While this is important, it would still leave these practitioners without a funding source as most private health insurers will not pay benefits for the services they provide.

Dental in primary care

The Committee makes a series of suggestions to “integrate oral and dental health care into primary health care” (Recommendation 4). There are three points to make about this.

First, in many areas access to primary care may be better than access to dental care, but it is still problematic. Adding responsibility for oral health care to the already over-burdened primary care system in regional and remote areas does not seem sensible.

Second, while primary care practitioners could be trained to carry out basic oral health assessments, this will not be a trivial task. As a GP told me several years ago, “all I know about teeth is that there should be 36 of them”.

And finally, there is little point in expanding oral health assessment if there is not a referral path to timely treatment for the 45 percent of the population without private health insurance.

Funding matters

Many of the Committee’s recommendations require additional funding.

There is no point expanding the dental workforce, changing regulatory settings so that oral health practitioners can truly practise independently, or expanding oral health assessment through primary care, if funding is not available to support the services they provide or recommend.

However, the key funding recommendation at the end of Chapter 6 of the report (cutely titled “Drilling down: pathways to universal access”) is a massive cop-out:

“The committee recommends that the Australian Government works with the states and territories to achieve universal access to dental and oral health care, which expands coverage under Medicare or a similar scheme for essential oral health care, over time, in stages” (Recommendation 35).

Chapter 6 discusses for options for a future funding scheme:

Option 1: Universal public dental care, provided through Medicare, or a separate ‘Denticare’ scheme.

Option 2: A means tested scheme, which would essentially extend the Child Dental Benefits Schedule (CDBS) to health care card holders, pension card holders and those on government income support payments.

Option 3: A seniors dental care scheme, available to holders of Commonwealth seniors health cards, pensioner concession cards and health care cards, who are 65 years or older.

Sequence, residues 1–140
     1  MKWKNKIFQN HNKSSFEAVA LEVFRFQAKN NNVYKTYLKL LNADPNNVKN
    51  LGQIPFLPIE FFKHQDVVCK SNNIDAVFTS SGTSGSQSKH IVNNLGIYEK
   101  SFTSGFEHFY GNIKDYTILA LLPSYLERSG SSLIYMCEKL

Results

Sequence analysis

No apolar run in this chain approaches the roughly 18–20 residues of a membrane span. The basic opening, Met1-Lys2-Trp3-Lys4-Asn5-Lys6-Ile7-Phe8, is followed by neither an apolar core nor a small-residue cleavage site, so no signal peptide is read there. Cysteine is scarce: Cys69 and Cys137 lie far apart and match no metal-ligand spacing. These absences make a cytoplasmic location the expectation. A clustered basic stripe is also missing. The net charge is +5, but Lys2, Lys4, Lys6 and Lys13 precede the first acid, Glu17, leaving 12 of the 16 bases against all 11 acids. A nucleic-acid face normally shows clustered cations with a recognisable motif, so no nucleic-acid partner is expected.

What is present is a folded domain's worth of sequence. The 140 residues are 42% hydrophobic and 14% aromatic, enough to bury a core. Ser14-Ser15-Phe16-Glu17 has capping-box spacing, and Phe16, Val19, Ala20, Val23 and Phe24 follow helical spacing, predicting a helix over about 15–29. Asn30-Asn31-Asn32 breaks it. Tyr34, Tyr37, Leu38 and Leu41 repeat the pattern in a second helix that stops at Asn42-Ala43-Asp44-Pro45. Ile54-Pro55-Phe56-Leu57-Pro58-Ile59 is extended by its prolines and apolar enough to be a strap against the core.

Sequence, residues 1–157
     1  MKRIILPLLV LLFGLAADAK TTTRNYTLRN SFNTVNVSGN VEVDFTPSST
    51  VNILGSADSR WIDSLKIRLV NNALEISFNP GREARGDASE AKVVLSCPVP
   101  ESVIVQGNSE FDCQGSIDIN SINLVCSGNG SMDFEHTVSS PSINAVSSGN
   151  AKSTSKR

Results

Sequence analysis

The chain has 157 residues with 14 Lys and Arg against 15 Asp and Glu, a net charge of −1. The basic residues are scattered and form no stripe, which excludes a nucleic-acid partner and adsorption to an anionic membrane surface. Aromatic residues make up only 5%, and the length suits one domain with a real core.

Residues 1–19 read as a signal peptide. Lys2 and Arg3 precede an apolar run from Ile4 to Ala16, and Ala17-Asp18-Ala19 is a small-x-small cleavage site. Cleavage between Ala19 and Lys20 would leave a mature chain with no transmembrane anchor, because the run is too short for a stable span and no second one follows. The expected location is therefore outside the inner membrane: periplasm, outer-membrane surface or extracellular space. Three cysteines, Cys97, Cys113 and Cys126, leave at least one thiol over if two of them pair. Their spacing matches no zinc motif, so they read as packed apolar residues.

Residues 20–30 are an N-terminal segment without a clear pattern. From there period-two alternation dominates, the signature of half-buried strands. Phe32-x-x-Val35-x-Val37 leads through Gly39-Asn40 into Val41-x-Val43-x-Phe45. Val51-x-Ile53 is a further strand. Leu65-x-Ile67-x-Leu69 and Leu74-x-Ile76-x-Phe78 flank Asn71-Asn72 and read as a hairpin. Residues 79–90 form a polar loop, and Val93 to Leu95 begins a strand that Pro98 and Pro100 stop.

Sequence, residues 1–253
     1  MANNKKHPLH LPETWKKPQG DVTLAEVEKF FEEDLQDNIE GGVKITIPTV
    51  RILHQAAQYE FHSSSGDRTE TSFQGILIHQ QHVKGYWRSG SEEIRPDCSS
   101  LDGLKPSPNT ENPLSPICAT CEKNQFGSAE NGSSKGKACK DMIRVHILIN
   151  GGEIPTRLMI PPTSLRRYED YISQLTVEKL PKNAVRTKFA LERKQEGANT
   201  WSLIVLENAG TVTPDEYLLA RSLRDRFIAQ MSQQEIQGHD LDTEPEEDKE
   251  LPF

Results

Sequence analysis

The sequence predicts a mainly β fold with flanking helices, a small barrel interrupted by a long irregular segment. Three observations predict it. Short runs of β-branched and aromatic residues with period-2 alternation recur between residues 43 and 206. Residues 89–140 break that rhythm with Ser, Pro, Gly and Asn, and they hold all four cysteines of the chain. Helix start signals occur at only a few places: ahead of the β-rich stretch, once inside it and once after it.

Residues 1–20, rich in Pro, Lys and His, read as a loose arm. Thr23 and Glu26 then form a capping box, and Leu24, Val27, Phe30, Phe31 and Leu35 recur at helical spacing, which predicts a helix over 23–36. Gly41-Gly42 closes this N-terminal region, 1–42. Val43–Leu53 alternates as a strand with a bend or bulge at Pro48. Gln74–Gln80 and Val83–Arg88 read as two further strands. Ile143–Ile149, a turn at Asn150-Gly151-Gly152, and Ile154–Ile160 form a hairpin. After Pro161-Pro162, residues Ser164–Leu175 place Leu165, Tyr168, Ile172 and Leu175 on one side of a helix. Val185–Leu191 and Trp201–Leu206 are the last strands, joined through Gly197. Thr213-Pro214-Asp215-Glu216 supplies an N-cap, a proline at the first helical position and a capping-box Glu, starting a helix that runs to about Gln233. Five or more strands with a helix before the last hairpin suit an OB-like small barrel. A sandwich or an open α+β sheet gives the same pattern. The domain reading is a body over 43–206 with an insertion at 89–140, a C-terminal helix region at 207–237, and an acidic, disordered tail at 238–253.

Option 4: A scheme under which the Commonwealth funds preventative care only for all Medicare card holders.

Problematic costings

The Committee asked the Parliamentary Budget Office (PBO) to cost each of these options in two ways: as a capped scheme, with biennial expenditure limited to $1,052 per person (the current limit under the CDBS); or as an uncapped scheme.

There are a number of substantive issues about these options.

First, applying the biennial cap of $1,052, which applies under the CDBS to a scheme designed for adults is ridiculous.

Children on average have good dental health, and are unlikely to need lots of treatment. Only 12 percent of children claim more than $900 under the CDBS. Adults with poor adult health who have not been attending a dentist regularly are likely to need far more than $1052 worth of treatment over two years.

While a dollar cap may limit expenditure, it is a blunt instrument. As I suggested in my submission to the inquiry, it is far better to limit expenditure by reference to the sort of care provided. The Aged Care Royal Commission recommended that the Seniors Dental Benefits Scheme should be limited to “treatment required to maintain a functional dentition”, and that approach should be adopted for any future dental scheme.

Second, a scheme which provides preventative care but not remedial care is quite simply arse-about.

Preventative care is important, but it is relatively affordable for individuals compared with a lot of remedial dental care. Should government really be paying for an annual x-ray, scale and polish and fluoride treatment, but not paying for treatment required to conserve a tooth that will otherwise be extracted?

If limiting cost is the aim, a more logical approach would be to pay for remedial treatment for anybody who can demonstrate that they have paid for their own preventative care.

Third, the PBO costings (and their use by the Committee) are problematic.